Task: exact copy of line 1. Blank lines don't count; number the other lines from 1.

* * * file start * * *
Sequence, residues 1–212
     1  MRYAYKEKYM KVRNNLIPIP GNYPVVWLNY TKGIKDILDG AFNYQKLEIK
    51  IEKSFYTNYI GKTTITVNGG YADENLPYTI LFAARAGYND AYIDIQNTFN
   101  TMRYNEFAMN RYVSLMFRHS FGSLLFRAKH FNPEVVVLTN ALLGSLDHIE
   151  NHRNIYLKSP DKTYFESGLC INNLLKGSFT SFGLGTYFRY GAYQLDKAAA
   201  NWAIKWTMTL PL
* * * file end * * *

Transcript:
Sequence, residues 1–212